Understanding Deep Emotions with Andrea Harrn

Understanding Deep Emotions with Andrea Harrn

Psychotherapist and author Andrea Harrn speaks with Steve Nobel about how mindfulness, cognitive behavioural therapy (CBT) and positive psychology theories are woven together to create the bestselling Mood Cards and its follow-on deck ‘Understanding Deep Emotions’. 

Psychology doesn’t have to be complicated. The Mood Cards offers a fun and accessible way to help you identify and explore your moods and emotions.

Andrea discusses how people are already using the Mood Cards in Schools, Hospices and as a tool for therapists. Mental health in the UK is of growing concern, Andrea explains how these cards can be used at home to help you take control and understand your emotions.

Watch here!

Listen to Andrea and Steve chat about cultural differences in emotions, mental health in the UK and a closer look at ‘Abandonment’, ‘Bullying’, being ‘Excluded’ and ‘Passive Aggressive’ emotions.

Download to listen on the go.

Subscribe so you never miss an episode!

We publish a new podcast every 2 weeks on interesting Mind, Body, Soul, Personal Development and Health topics.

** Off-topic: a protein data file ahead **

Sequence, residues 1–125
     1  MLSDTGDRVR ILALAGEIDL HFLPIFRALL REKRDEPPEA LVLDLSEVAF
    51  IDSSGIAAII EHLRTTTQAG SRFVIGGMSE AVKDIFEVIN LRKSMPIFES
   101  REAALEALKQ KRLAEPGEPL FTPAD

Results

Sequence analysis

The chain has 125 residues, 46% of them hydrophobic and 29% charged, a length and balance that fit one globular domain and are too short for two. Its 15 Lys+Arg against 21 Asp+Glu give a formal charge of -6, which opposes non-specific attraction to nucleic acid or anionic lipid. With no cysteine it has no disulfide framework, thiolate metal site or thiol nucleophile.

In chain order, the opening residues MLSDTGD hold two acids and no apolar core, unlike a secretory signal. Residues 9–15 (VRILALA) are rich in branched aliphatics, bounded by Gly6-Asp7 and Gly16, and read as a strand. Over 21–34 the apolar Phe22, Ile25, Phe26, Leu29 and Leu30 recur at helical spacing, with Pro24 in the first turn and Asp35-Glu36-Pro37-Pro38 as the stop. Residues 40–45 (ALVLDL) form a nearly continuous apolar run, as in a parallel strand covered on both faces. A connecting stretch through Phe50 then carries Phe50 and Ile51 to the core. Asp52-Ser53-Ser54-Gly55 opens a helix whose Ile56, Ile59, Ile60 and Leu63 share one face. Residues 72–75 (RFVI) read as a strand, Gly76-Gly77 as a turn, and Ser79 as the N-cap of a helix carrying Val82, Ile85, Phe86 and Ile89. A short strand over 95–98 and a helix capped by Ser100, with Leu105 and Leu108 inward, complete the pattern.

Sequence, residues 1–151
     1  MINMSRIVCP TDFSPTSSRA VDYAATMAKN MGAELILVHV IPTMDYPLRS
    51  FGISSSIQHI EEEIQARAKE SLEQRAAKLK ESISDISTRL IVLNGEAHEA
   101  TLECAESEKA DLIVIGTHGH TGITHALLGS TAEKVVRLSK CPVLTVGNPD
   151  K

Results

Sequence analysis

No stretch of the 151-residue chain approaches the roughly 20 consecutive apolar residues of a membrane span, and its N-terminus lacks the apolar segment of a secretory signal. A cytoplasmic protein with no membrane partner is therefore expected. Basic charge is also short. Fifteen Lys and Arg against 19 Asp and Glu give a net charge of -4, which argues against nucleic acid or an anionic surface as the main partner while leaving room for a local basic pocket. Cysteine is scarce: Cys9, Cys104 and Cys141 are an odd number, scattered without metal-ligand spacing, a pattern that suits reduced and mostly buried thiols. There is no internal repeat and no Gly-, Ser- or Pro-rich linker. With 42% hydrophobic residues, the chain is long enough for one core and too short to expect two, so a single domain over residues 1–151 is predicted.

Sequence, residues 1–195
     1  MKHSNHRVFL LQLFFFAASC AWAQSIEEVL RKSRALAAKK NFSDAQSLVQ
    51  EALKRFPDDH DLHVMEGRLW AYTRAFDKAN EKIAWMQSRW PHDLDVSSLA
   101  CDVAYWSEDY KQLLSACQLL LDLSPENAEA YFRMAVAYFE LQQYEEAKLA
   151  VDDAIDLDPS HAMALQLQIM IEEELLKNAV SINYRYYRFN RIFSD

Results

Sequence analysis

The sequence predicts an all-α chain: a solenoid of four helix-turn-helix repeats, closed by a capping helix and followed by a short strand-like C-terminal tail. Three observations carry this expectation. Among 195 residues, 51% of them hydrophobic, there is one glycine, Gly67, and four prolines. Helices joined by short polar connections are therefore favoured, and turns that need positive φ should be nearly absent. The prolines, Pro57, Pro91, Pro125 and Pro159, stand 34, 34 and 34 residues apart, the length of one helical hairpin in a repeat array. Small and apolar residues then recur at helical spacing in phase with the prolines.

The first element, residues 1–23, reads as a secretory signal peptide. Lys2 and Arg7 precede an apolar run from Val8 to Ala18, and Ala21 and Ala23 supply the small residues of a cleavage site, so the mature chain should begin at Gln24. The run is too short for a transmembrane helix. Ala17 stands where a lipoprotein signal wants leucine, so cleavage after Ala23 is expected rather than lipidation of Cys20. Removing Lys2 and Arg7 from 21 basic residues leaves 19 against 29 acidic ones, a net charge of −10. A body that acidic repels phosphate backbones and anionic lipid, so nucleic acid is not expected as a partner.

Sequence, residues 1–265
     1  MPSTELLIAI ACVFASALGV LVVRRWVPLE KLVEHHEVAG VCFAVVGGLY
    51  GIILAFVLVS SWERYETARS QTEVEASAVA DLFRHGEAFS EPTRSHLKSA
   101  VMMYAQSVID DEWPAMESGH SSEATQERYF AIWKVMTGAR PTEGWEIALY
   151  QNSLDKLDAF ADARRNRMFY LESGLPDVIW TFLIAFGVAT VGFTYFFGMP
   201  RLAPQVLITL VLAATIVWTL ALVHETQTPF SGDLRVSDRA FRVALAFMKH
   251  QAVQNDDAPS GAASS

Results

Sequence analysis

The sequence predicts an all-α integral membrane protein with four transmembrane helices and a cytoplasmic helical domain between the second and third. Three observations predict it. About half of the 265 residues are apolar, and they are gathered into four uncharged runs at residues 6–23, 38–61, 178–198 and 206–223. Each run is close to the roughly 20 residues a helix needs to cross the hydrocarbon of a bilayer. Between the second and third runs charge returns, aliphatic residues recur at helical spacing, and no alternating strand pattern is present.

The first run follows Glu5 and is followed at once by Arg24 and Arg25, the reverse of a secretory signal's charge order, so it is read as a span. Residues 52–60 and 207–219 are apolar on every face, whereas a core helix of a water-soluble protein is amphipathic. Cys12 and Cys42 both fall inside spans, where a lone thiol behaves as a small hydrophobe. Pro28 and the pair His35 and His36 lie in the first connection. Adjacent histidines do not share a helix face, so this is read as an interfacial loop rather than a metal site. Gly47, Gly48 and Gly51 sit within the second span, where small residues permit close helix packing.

Steve Nobel:                         Hello, and welcome. My name’s Steve Nobel, and today I’m speaking with Andrea Harrn on Understanding Deep Emotions. Andrea is a psychotherapist, hypnotherapist, intuitive healer, expert in emotional intelligence. She is the creator of the Mood Cards published by Eddison Books. Her latest offering is Understanding Deep Emotions, which builds on her work of the previous Mood Cards set. And her mission is in creating more peace and understanding in the world through emotional intelligence, empathy, forgiveness, and love. Andrea, hello. Andrea Harrn:                      Hi, there, Steve. Steve Nobel:                         Now, it looks like the Mood Cards have been highly successful in helping people gain greater insight into this emotional state. Have you had a lot of feedback on the first deck? Andrea Harrn:                      I’ve had so much feedback on it. It’s been amazing, actually. I created them originally just for myself in the therapy room, but they’re spreading out and being used in so many settings by parents, by teachers, by coaches, meditation teachers, health workers working with kids in children’s homes, hospices. So much feedback and people are using them in so many different ways. Maybe sometimes with groups as well and with young people. Yeah, I’ve had some great feedback. I’m really happy, thank you, Steve. It’s all going well. I just keep hearing more and more feedback from people about all the different uses for them. Steve Nobel:                         Well, I can really understand how kids would benefit, schools, even coaches, young people. Hospices, that’s a new one. How are people using it in hospices? Andrea Harrn:                      Well, when people are in a hospice, it’s really hard for the families, and sometimes the families just find it very, very hard to talk about what they know is the obvious. There’s a grief card, there’s lost cards, there’s disappointment. There are so many cards that can help people to express themselves, and it can help people to communicate and come together at that very, very difficult time. Also, help the person themselves who is in the hospice to perhaps talk about some of the feelings that they have around family. Maybe there are things that they always wanted to say, but they never said them. The cards do bring people together, Steve.